According to Polydore Vergil, the chief authority in Henry's council soon fell into the hands of Foxe and Thomas Howard, earl of Surrey. And according to the same writer (in whom, however, as Lord Herbert of Cherbury remarks, ‘I have observed not a little malignity’), mutual jealousies and differences soon sprang up between these two powerful counsellors. One cause at least assigned for these differences seems highly probable, namely, the propensity of Surrey to squander the wealth which, under the previous reign, Foxe and his master had so diligently collected and so carefully husbanded.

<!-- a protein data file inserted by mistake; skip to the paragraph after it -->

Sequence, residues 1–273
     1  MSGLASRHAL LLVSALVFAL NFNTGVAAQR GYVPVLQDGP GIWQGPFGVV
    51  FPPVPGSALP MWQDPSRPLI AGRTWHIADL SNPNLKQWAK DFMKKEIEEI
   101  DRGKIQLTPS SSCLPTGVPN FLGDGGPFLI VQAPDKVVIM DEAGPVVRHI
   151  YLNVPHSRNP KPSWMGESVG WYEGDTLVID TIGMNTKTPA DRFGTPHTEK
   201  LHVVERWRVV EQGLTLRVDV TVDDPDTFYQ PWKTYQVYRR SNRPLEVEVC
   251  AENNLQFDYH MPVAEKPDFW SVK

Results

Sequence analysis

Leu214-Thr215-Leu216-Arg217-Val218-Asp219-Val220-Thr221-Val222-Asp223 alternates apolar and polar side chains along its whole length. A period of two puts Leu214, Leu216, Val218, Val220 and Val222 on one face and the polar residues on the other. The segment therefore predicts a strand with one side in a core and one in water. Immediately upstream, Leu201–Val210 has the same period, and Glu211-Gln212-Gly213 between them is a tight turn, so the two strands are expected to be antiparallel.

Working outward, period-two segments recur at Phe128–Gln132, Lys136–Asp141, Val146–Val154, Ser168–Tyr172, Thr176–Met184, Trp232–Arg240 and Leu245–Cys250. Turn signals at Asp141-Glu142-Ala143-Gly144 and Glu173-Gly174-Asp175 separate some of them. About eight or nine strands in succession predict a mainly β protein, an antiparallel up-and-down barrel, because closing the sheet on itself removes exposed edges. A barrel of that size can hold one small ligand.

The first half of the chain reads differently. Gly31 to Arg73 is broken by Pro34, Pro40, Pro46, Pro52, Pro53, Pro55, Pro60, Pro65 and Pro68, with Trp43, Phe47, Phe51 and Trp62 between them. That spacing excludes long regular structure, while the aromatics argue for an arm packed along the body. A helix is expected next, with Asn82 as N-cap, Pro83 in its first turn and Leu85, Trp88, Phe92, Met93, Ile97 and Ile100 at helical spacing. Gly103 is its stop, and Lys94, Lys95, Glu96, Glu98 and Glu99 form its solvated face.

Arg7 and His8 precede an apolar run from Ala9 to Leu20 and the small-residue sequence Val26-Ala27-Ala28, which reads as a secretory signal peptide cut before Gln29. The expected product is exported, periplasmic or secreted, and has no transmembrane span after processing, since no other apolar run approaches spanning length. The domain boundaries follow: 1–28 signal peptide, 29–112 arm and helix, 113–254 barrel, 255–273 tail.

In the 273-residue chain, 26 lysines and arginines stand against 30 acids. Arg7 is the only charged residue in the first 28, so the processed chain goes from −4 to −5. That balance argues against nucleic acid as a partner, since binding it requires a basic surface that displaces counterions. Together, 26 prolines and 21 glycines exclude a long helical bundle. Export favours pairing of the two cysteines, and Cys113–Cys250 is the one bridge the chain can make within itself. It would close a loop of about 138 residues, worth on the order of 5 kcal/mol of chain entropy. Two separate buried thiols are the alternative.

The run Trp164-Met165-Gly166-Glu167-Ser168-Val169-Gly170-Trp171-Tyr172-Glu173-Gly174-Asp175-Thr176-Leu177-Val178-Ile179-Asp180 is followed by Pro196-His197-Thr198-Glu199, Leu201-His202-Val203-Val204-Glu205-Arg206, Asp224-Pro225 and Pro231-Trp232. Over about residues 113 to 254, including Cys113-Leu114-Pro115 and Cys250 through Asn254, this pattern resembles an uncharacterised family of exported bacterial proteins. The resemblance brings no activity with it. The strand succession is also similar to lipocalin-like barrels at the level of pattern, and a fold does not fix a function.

The altercation between Warham and Foxe (1510–13) as to the prerogatives of the Archbishop of Canterbury with regard to the probate of wills and the administration of the estates of intestates, is narrated at length by Archbishop Parker in the work above cited, and is confirmed by documentary evidence. Foxe, supported by Bishops Fitzjames, Smith, and Oldham, appealed to Rome, but, as the cause was unduly spun out in the papal court, they finally procured its reference to the king, who decided the points mainly in their favour. In 1510 Foxe was employed, in common with Ruthall, bishop of Durham, and the Earl of Surrey, to conclude a treaty of peace with Louis XII of France. But this peace was not destined to last long, and the war with France, which broke out in 1513, brought another and a younger counsellor to the front. ‘Wolsey's vast influence with the king,’ says J. S. Brewer (Reign of Henry VIII), ‘dates from this event. Though holding no higher rank than that of almoner, it is clear that the management of the war, in all its multifarious details, has fallen into his hands. … Well may Fox say, “I pray God send us with speed, and soon deliver you out of your outrageous charge and labour, else ye shall have a cold stomach, little sleep, pale visage, and a thin belly, cum pari egestione.”’ Wolsey, Foxe, and Ruthall all attended the army which invaded France, the former with two hundred, the two latter with one hundred men each; but it does not follow that these ecclesiastics were present at any engagement. On 7 Aug. 1514 a treaty of peace and also a treaty of marriage between Louis XII and the Princess Mary were concluded at London, Foxe being one of the commissioners. At this time J. S. Brewer regards him as still powerful in the council, though his influence was inferior to that of Wolsey, of Surrey (now Duke of Norfolk), and of Charles Brandon, duke of Suffolk. ‘Foxe was,’ says Giustinian, the Venetian ambassador, ‘a lord of extreme authority and goodness.’ But advancing years, combined probably with weariness of political life, with a certain disinclination to the foreign policy, favourable to the empire and antagonistic to France, which now prevailed, and, there can be no doubt from his extant letters, with genuine compunction for the prolonged neglect of his spiritual duties, made him anxious to retire from affairs of state. At the beginning of 1516 he resigned the custody of the privy seal, which was committed to Ruthall, and henceforth he seldom appeared at the council.